Rose McGowan Talks CHOSEN Season 3, Why She Doesn’t Want to Be a Part of a Network TV Schedule Again, Getting into Directing, DAWN, and More

     April 15, 2014


In Season 3 of the high-stakes Crackle series Chosen, Jacob (Chad Michael Murray) is dealing with the devastating consequences of his choice and desperately seeking redemption by trying to free Ellie (Caitlin Carmichael) from the game.  But his actions put him on a direct collision course with Josie (Rose McGowan), an experienced hunter who holds the distinction of being one of the most deadly to exist.

During this exclusive interview with Collider, actress Rose McGowan talked about how she got involved with this project, why she wants to have more of a creative say, how her bad-ass character fits into this dangerous world, how challenging the physicality is, why she doesn’t want to be a part of a network television schedule again, her feelings about the Charmed reboot, when and why she decided to get into directing, how the short film Dawn became her directorial debut, and how she’s looking to direct a full-length feature next.  Check out our Rose McGowan interview after the jump.

chosen-season-3-posterCollider:  How did this come about?

ROSE McGOWAN:  It took me awhile to read it and it took me awhile to even watch the trailer that they sent over, just because I’d been saying no to most things.  I had really shied away from television, in general.  I’d dip my toe, here and there, and then skitter back away.  I really prize my freedom more than work.  I prize just being human and doing other things.  And the shooting schedule on this is amazing.  It shoots like a film.  It shoots for two or two and a half months, and then you’re done.  It’s perfect.  It doesn’t suit my personality to kn what I’ll be doing six months from now, at 6:01 in the morning.  When I did a TV show that went on for a long time, I had to get hypno-therapy because I was having panic attacks.  I just felt so constrained.  It was psychologically quite difficult.  It was very, very difficult.  That was the hardest part of it.  But also, I love film, and this feels much more film like than it feels like I’m doing a TV show.  And this team is very respectful.  I’ve worked with some pretty sexist people, behind the scenes, as we all have, unfortunately.  But these guys were modern and, more than anything, they’re human.  They allowed me to go as far as I wanted and be as bad-ass as I wanted, or as vulnerable as I wanted to be.  It was my call, and I liked that.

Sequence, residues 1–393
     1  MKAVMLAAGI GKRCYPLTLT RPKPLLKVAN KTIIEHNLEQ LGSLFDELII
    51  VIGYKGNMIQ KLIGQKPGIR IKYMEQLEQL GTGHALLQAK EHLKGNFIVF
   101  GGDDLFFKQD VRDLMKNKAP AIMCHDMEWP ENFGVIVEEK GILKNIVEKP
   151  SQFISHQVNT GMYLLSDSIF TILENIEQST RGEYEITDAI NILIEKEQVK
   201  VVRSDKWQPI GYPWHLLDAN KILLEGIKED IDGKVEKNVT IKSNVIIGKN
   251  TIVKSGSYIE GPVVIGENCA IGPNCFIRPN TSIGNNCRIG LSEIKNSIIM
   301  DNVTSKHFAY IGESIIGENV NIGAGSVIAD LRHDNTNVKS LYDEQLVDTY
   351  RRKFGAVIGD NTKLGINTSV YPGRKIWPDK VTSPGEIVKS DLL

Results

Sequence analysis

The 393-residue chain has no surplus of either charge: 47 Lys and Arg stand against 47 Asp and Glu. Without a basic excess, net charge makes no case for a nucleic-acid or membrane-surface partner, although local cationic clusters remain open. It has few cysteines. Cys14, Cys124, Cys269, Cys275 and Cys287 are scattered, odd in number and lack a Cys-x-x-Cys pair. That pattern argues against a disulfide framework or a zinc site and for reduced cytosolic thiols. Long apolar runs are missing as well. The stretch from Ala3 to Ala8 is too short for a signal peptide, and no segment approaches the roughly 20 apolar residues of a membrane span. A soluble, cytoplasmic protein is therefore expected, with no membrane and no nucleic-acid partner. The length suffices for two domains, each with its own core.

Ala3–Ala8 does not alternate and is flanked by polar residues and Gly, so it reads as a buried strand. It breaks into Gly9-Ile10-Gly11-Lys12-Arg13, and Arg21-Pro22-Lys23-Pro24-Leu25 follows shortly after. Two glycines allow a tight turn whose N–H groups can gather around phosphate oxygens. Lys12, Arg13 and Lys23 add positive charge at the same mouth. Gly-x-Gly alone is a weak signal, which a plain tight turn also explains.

Was getting to have more of a creative say part of the attraction in doing something like this?

McGOWAN:  Absolutely!  It’s more like the wild, wild, west.  You’re not hemmed in by all the rules that a lot of the networks place on you.  One of the attractions for me is that I like freedom, in general.  I just work better that way, in life and at work.  I don’t fit into boxes well.  I don’t like them and never have, personally or work wise.  That’s why I’ve been directing lately, and I’ve stepped back from acting.  But, this was so much fun.  I have this weird macho thing.  My friend calls me “macho sensitive.”  I love shooting guns.  I would never shoot an animal or hunt, but I probably would be a very good hit woman.  It’s hand-in-glove for me.  It’s weird, essentially being anti-gun, and then doing something with guns, but it’s in reality.  It’s not a fantasy show.  It’s a situation where anybody would pick up a gun because they would have to, to save their lives.